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Wednesday December 7th

Town of Carrboro wins Marvin Collins Award for comprehensive small town planning

The NCBOE ordered the Town of Carrboro to take down their Black Lives Matter flags on the town hall building. The town says they're staying.
Buy Photos The NCBOE ordered the Town of Carrboro to take down their Black Lives Matter flags on the town hall building. The town says they're staying.

The American Planning Association-North Carolina Chapter awarded the Marvin Collins Award to the Town of Carrboro at the 2022 North Carolina Planning Conference from Sept. 13 to 16.

The Marvin Collins Award recognizes individuals or organizations that have completed outstanding planning programs or made notable contributions to the planning profession. Carrboro was awarded for its comprehensive plan in a town with a population of less than 25,000. 

“Part of the reason the awards are given by the North Carolina chapter is because of the opportunity or the possibility that the approach that was used here might be beneficial in another community,” Trish McGuire, the Town of Carrboro’s planning director, said.

The Town won the award for its Carrboro Connects 2022-2042 Comprehensive Plan, which focuses on racial equity and climate action.

The plan's goals include supporting local businesses, expanding affordable housing options and increasing access to open spaces like parks and outdoor facilities. It includes short-term and long-term initiatives that plan twenty years into the future. 

The Carrboro Town Council voted unanimously in favor of its adoption in June 2022.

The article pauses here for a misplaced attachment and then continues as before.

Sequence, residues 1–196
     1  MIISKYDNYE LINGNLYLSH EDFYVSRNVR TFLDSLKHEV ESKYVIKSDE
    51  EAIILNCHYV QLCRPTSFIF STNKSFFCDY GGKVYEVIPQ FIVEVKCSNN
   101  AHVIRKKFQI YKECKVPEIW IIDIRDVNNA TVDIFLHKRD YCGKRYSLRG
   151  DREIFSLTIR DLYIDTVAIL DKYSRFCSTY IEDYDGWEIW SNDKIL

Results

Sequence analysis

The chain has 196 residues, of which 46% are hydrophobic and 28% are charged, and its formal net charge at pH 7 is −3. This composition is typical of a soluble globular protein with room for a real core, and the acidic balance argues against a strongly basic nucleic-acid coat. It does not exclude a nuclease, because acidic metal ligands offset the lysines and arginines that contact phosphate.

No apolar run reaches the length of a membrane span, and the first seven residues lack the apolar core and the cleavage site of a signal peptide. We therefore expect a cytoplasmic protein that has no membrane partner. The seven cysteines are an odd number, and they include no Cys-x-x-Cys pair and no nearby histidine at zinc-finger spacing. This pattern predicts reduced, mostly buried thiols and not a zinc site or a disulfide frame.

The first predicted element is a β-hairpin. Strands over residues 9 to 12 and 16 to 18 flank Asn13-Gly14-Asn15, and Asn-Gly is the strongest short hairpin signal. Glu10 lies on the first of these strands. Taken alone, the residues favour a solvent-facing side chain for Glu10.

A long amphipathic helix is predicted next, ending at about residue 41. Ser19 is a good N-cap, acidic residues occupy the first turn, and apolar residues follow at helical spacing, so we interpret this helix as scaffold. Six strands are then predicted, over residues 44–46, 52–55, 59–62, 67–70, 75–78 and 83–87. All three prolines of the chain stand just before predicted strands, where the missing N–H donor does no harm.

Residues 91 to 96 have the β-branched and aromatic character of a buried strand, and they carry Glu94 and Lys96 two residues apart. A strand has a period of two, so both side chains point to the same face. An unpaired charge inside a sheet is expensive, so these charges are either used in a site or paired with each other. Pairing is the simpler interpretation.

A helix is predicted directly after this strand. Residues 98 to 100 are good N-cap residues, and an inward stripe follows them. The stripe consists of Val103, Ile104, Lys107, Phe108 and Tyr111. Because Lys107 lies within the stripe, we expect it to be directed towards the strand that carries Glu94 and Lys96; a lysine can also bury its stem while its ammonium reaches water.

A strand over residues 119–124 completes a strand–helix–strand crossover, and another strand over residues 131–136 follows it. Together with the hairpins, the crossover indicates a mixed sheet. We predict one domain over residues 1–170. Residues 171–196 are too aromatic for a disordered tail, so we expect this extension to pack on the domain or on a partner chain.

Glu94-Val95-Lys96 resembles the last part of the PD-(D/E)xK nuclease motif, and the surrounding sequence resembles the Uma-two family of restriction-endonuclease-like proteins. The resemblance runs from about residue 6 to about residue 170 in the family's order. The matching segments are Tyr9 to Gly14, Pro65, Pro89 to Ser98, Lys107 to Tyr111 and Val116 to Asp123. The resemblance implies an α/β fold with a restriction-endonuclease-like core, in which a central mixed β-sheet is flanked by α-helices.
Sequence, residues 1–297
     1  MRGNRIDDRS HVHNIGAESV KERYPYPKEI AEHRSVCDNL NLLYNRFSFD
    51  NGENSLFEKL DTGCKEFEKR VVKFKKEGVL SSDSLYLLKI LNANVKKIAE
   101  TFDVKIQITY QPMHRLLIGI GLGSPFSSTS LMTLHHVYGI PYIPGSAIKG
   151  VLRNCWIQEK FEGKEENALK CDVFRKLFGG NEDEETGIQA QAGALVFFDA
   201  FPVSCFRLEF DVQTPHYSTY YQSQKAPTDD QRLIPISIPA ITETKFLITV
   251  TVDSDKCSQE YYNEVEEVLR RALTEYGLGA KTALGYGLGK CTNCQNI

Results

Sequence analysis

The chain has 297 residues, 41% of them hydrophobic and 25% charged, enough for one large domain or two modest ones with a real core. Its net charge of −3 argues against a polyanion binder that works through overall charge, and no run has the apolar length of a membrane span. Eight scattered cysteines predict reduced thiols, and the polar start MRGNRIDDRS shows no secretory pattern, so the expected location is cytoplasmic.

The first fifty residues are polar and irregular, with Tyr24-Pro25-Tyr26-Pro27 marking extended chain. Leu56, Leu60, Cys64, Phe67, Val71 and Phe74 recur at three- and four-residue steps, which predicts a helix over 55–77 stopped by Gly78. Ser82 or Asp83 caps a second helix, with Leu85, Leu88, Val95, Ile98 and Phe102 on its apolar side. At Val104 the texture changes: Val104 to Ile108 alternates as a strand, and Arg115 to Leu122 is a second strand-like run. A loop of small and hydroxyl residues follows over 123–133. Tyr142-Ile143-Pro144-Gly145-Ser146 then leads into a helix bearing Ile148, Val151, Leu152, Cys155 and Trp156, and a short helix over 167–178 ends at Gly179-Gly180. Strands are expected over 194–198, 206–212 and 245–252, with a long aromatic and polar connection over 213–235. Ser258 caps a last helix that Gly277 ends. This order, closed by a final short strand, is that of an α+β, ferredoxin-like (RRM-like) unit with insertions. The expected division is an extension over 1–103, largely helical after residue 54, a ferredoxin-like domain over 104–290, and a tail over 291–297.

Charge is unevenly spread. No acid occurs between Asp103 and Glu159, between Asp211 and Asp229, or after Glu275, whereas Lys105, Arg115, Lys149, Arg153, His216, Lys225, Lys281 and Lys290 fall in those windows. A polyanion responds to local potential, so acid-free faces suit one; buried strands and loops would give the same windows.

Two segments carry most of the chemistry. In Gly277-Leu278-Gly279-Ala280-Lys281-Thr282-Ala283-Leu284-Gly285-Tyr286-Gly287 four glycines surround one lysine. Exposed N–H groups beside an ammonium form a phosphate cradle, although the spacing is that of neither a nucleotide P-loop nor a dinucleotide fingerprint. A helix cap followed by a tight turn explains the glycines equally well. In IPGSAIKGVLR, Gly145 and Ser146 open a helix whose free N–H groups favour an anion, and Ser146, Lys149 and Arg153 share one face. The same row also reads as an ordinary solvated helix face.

McGuire said Carrboro Connects was given the green light in early 2020, just before the COVID-19 pandemic lockdown was issued by Gov. Roy Cooper.

According to the plan, Carrboro Connects was drafted with consideration to current political issues such as the global health crisis, social unrest about racial inequity and an increase in greenhouse gas emissions. 

Carrboro's focus on race and equity has been in development for years, furthered since joining the Government Alliance for Race and Equity(GARE) in 2018, McGuire said. GARE principles were incorporated into each part of the One Orange Racial Equity Framework, which Carrboro adopted in February. 

Carrboro’s involvement in climate action has also been part of the Town’s comprehensive goals for years. Carrboro Connects incorporates the major goals of the Community Climate Action Plan and the Energy and Climate Protection Plan, which was drafted by the Town years earlier and amended in 2020.

Carrboro Connects also includes other major principles such as transportation and mobility, green stormwater infrastructure, economic stability, parks and recreation accessibility, land use and public service development. 

Part of the criteria of the Marvin Collins Awards includes looking for transferability and applicability to other communities, as well as originality, Bynum Walter, a co-chair of the APA-NC awards committee, said. Carrboro Connects was particularly effective in its community outreach efforts, she added.

“We had an unprecedented amount of community engagement and development,” Carrboro Mayor Damon Seils said regarding the plan. 

The Carrboro Connects team engaged with more than 1,600 individuals. The plan also recognizes over 4,000 touchpoints – instances of engagement within the community. 

Seils said it goes a step further than Vision 2020 by setting goals for how to achieve the topics included in the policy document. Vision 2020 was Carrboro's policy-making guide before Carrboro Connects which began in 2000. 

“It's really a lot more of a traditional comprehensive plan that it sets out not just a vision for the future," Seils said. "But also goals and strategies for how to get there."

Walter said the Town started the project in the beginning of 2020, which she emphasized was a tough time. 

“Especially when you consider the level of engagement they were able to accomplish during the pandemic — definitely admirable," she said. 

@DTHCityState | city@dailytarheel.com 

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